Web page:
News Ports

New rail project at Port of Inola ‘critical part’ of its economic development future


Construction on an integral piece of infrastructure for the fledgling Port of Inola will begin soon.

The City of Tulsa-Rogers County Port Authority recently awarded a $15.768 million contract to Chicago-based Ragnar Benson LLC to build about 4.4 miles of new rail at the Port of Inola, according to Andrew Ralston, who heads economic development at Tulsa Ports (Catoosa and Inola).

The track will connect the Union Pacific main line to the Port of Inola and Sofidel, a company that in 2020 began operations in a $360 million facility that manufactures tissue. In 2019, Public Service Company of Oklahoma entrusted Tulsa Ports with the future development of the Inola industrial site through a land transfer of about 2,000 acres.

“The Port of Inola currently is just a large collection of industrial land,” Ralston said. “The infrastructure that we bring into it is what makes it a suitable industrial site. So, right now, we just have road access.

People are also reading…

“This next step is for rail access. In the future, as we get waterway users, we will renovate the barge slip and the waterway access. This is a critical part of building an inland port.”

Site work for the rail project is set to begin in February, with construction to be mostly completed by December 2023, Ralston said. The Port Authority will pay $382,100 to the Kansas City, Missouri-based firm of Burns & McDonnell to oversee construction and conduct materials testing on the project.

Sofidel is contributing $1.5 million in matching funds toward the endeavor, which also is getting $6.1 million in the form of a U.S. Department of Transportation Infrastructure for Rebuilding America grant.

“They’ve always wanted rail access,” Ralston said of Sofidel, whose plant encompasses 1.8 million square feet. “It was not something they wanted to do immediately when they built the facility. But it became necessary as they grew to look at having other transportation options for the pulp that they’re bringing in, as well as the parent reels that they are shipping out to other facilities to be converted.”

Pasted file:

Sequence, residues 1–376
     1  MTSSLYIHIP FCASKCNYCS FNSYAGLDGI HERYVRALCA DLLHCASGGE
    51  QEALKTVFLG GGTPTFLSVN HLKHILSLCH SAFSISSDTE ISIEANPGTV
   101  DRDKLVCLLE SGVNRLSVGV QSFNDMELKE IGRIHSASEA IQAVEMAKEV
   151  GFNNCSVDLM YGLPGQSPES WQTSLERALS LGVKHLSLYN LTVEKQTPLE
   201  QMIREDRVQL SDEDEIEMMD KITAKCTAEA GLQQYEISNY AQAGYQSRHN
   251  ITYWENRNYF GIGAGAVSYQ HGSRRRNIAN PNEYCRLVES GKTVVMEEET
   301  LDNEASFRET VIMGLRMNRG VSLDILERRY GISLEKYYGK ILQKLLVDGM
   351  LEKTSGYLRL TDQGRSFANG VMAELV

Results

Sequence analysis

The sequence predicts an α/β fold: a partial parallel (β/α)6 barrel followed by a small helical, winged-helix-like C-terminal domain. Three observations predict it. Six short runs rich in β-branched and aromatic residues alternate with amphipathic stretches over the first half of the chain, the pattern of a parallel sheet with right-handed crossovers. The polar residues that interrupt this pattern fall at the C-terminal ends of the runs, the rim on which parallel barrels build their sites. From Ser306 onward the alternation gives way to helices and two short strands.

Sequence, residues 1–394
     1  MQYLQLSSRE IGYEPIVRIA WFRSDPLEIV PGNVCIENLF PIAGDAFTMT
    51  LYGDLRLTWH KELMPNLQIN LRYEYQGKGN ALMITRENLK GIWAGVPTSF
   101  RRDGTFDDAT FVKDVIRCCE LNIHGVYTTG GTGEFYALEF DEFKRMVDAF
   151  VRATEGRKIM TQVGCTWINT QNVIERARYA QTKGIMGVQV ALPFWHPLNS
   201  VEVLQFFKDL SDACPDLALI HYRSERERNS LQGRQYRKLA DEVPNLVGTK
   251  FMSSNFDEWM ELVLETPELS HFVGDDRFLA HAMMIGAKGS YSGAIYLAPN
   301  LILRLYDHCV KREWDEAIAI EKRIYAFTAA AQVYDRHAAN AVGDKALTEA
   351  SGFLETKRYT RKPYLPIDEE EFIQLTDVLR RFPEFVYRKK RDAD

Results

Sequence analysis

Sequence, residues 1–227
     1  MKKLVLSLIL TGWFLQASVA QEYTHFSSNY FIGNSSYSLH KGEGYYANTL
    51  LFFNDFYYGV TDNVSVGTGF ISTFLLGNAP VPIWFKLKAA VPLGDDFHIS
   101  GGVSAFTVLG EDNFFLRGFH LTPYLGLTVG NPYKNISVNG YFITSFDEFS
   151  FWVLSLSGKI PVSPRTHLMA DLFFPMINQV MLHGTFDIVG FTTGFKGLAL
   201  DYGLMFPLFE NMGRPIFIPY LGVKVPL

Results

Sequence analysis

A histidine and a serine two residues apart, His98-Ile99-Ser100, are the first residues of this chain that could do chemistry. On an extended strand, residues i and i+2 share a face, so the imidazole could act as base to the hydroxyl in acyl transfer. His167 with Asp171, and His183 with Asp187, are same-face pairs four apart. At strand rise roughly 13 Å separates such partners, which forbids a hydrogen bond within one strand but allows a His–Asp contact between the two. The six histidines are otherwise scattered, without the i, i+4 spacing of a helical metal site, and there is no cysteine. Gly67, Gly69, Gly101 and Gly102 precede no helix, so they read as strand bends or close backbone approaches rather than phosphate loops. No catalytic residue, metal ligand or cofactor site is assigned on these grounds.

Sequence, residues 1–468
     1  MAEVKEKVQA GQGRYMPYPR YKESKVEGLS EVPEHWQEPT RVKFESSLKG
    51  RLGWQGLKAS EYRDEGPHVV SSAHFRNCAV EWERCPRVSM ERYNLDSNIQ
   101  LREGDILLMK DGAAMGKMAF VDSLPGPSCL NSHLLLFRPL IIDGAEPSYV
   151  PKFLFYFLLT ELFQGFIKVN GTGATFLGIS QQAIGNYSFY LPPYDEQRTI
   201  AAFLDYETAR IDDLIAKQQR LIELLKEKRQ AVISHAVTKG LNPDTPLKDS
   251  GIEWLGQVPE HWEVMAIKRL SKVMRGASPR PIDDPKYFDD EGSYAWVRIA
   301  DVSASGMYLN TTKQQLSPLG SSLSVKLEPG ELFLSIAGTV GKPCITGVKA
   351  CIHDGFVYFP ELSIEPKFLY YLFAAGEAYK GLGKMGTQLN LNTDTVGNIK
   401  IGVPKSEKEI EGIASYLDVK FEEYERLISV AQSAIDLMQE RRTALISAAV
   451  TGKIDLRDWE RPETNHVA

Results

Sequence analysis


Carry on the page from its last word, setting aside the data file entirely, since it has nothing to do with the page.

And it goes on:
View a walking tour of the Sofidel paper factory.



The manufacturing facility in Inola incorporates both a paper mill — where pulp is transformed into paper — and a converting plant, which produces the finished product.

Jose Zarandona is site operations manager.

“This improvement, first it will help to develop this industrial park. And, at the same, it will … attract more industries to this region of Oklahoma,” he wrote in an email. “For Sofidel, this new line will help us to bring raw material from several ports in the south (United States), mainly in Texas. And, we could dispatch parent reels to some of our operations in other states.”

The rail also satisfies a company goal reducing the impact on the environment, Zarandona said. Moving freight by train instead of truck cuts greenhouse emissions by up to 75%, according to the Environmental Protection Agency.

“The companies that we’re recruiting now, the vast majority are rail users,” Ralston said. “Not having that rail spur and that industrial lead track renovated and operable is seen as a hindrance to speed-to-market for those companies. So, getting this project started is a huge trigger for them to see our site as ready to go and meet their deadlines.”

Above the Fall: Drone pilots capture foliage colors across US. Video by Lee Enterprises Drone Pilots.





Source link